Upload your photos, chat, win prizes and much more
Can't Access your Account?
New to ePHOTOzine? Join ePHOTOzine for free!
Upload photos, chat with photographers, win prizes and much more for free!
Is there a filter or something that can be used so that whites don't get blown out? Now that I am taking shots outdoors so much, this is becoming a real problem. I am using the light meter on my camera, but still having problems.
Join ePHOTOzine for free and remove these adverts.
Expose for your whites on your histogram and use fill-flash to lift the shadows??
That's what I'd do, but I'm sure there'll be some far more expert advice to follow ;o)
You could always look at the sunny f16 rule on the internet...may help a bit too.
ND (neutral density) filters. Basically filters that block some of the light in a method that does not otherwise significantly alter the color of the image.
They come in varying strengths to block more or less light.
NDGrads or split NDs are good for landscapes where the upper (or lower) portion may need a different level of darkening.
I don't profess to be pro here but...
Expose properly, if using a Canon for instance, take a shot look, for the blinkies on preview then if need be wind down the exposure 1 or 2 stops (or thirds there of) Push shutter button half way, then wind big dial left to decrease exposure, right to increase - Sorry no experience how to do this on Nikon and the likes.
Bear in mind also that a SLR will only realistically take in about 6 or so stops of light at a time so massive contrast differences etc. require careful planning or multiple exposures.
You can indeed get filters tho, grads whether they be soft or hard, check out Lee filters for more info.
Hope this makes sense, im too drunk to read it back to myself now, not sure I understand any of it myself but I tried.
What type of shots and situations give you blown highlights (whites)? Depending on the circumstance a different approach can be used. In very general terms:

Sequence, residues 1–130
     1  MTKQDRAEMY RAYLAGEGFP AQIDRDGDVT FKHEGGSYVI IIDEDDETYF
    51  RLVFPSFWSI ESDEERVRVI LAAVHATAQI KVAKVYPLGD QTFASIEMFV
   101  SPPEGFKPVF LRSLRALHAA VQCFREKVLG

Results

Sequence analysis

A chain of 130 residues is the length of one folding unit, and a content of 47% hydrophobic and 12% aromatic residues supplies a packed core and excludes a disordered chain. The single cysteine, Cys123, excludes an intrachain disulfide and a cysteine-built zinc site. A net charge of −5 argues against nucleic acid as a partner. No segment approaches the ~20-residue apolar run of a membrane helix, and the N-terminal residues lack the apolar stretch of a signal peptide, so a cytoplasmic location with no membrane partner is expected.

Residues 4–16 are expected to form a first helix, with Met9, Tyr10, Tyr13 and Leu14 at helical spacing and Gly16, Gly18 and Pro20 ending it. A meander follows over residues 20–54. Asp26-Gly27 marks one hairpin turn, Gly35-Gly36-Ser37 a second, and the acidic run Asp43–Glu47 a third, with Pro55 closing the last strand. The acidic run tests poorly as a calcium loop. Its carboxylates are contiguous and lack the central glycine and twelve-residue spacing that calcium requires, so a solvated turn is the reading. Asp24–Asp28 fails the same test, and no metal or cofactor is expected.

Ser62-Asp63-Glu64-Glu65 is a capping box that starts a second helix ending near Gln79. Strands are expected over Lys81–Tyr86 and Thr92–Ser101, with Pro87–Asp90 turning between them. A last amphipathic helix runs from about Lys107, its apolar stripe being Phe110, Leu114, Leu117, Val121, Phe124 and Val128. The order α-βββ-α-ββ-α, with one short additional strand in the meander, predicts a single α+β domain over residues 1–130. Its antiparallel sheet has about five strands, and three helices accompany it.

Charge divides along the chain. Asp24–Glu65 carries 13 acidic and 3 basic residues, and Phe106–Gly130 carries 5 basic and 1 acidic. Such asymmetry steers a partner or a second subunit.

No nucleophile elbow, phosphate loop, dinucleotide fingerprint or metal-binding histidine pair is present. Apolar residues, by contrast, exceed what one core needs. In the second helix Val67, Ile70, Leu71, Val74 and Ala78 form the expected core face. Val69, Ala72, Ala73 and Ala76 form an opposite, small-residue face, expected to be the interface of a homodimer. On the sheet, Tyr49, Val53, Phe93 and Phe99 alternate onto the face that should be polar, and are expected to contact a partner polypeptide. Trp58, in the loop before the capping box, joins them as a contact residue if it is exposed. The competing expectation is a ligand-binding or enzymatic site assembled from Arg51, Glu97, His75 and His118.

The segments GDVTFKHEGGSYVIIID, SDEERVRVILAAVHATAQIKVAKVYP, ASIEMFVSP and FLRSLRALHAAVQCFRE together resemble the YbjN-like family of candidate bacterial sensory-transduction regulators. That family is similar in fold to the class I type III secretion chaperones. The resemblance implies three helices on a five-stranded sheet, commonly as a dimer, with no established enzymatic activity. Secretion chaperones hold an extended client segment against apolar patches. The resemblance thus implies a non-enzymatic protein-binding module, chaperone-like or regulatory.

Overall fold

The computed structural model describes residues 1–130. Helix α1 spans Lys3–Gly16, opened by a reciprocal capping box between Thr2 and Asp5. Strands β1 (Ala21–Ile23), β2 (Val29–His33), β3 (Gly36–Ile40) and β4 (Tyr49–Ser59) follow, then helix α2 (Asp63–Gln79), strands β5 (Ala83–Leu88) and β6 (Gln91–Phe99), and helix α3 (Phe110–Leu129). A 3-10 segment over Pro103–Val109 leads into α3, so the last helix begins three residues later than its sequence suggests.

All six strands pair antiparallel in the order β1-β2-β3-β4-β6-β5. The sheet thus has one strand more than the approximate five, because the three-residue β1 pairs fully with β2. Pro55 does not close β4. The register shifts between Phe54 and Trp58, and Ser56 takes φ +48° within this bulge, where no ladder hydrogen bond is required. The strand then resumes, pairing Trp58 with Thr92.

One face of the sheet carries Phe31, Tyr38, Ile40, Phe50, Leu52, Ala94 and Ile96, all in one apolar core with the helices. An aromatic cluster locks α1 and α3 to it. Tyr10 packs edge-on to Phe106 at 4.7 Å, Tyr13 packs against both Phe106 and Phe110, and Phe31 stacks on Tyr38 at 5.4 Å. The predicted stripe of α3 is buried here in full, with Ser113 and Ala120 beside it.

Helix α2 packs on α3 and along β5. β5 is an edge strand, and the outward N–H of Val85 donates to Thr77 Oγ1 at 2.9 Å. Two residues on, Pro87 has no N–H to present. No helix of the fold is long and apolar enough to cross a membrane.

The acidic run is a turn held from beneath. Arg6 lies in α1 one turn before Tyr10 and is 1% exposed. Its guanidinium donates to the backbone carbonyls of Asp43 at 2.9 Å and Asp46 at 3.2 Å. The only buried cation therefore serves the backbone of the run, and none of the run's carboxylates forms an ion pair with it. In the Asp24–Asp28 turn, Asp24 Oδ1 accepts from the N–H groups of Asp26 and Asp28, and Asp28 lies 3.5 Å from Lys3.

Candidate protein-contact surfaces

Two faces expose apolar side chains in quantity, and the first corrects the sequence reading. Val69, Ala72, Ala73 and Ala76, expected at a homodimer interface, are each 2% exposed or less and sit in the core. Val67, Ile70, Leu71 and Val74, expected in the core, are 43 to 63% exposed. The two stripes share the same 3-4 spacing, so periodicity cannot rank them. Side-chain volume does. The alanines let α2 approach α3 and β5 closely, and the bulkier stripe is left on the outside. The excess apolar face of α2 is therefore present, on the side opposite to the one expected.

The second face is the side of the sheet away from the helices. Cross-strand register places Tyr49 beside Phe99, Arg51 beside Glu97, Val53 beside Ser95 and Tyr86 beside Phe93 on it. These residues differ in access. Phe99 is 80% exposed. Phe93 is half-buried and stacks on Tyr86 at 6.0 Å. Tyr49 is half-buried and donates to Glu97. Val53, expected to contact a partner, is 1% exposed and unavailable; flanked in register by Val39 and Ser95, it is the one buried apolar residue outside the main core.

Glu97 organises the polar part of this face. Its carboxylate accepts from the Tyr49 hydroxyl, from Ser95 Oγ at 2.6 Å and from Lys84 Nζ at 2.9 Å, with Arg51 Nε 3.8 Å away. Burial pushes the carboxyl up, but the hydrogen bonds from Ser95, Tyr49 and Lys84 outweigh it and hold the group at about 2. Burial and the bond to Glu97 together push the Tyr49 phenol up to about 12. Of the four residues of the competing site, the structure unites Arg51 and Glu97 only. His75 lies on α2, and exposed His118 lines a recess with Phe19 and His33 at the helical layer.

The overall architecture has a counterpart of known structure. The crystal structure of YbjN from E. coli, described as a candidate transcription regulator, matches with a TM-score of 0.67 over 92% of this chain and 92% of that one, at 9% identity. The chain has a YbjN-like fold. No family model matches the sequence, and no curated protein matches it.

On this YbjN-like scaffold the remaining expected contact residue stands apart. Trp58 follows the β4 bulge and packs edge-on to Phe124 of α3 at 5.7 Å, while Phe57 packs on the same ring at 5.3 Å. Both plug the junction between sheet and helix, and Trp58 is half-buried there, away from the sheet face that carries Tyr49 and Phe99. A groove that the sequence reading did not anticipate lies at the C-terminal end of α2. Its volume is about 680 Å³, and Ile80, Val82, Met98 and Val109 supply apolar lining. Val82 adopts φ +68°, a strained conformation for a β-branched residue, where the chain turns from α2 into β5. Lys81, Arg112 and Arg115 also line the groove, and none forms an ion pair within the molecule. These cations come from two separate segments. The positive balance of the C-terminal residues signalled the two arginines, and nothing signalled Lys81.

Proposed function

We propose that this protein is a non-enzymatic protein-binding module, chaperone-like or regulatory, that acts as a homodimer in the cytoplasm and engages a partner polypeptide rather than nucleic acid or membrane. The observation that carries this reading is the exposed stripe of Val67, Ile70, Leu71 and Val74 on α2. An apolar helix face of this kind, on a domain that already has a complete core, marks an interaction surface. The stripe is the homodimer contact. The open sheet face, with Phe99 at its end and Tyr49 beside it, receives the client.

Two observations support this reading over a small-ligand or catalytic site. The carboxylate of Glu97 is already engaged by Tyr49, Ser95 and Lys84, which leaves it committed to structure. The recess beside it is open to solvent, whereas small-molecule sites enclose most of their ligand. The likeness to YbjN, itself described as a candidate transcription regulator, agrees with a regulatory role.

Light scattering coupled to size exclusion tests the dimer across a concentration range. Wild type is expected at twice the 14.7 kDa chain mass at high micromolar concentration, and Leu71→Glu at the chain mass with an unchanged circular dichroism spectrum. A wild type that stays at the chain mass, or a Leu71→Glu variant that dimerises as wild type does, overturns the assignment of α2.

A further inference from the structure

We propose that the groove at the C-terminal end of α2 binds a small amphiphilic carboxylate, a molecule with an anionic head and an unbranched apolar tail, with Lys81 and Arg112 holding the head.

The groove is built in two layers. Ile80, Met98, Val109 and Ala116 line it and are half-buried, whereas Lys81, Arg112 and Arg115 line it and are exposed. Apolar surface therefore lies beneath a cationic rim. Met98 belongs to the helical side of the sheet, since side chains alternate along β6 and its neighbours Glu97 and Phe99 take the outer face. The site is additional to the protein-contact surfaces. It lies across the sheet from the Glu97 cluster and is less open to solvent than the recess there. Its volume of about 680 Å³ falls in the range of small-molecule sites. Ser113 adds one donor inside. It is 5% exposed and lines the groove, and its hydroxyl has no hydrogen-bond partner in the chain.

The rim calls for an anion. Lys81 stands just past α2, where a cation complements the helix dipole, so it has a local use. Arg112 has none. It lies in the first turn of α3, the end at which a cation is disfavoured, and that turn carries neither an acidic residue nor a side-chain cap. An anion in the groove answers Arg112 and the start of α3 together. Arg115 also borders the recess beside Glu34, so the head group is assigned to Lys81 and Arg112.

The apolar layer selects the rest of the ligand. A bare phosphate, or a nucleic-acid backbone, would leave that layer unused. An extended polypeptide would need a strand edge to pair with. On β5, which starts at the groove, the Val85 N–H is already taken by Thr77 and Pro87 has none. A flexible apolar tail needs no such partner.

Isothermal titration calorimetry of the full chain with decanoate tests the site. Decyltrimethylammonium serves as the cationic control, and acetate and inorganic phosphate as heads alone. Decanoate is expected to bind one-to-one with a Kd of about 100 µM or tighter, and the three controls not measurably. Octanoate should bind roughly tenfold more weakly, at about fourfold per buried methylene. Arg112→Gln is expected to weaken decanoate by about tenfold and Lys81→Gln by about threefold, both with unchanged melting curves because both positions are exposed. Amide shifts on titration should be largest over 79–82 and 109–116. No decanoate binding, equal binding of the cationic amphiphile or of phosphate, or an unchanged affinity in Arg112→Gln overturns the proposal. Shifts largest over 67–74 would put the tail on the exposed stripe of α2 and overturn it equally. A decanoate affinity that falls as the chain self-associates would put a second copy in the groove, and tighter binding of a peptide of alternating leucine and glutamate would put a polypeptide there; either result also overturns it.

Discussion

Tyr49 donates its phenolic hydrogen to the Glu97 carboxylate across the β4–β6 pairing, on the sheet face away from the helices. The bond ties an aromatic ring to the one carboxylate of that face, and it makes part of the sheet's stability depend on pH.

- Use spot metering, or centre weighted
- Use -1/3 or -2/3 exposure compenstaion as a default
- Shoot RAW (if poss)
- Use ND filters
Another old fashioned way might help, Point camera at the whiter areas of your composition, Half press shutter to lock exposure, Recompose your shot still holding the shutter button halfway, Then take the shot.
If your camera has exposure lock, Same again expose for the whites, Lock the exposure, Recompose and take the shot.
The above can be used with all exposure modes, But dependant on how bright things are you could also use as mentioned by Mike, Spot & Centre weighted, along with exposure lock.
If all else fails try not to shoot in very bright sunlight, ie When it's Overhead or between 12 noon and 3 pm, ALSO where possible move your subjects into a shaded area,,
Check the histrogram when you take a pic to see if there is a pile up at the extreme right of it - a sure sign of burnt out whites. Just apply a little "minus" exposure compensation if you find that your whites are too white.
Quote: your whites are too white.
Now why does that sound like a soap powder advert Sorry could not resist
As it happens I was dreaming of Persil Automatic (as one does) when I typed it!
Thank you everyone, I appreciate your input.
ePHOTOzine, the web's friendliest photography community.
Upload photos, chat with photographers, win prizes and much more.
You must be a member to leave a comment
Get the latest photography news straight from ePHOTOzine in your email every month and win prizes!
1st March 2014 - 31st March 2014
Check out ePHOTOzine's inspirational photo month calendar! Each day click on a window to unveil new photography tips, treats and techniques.
View March's Photo Month Calendar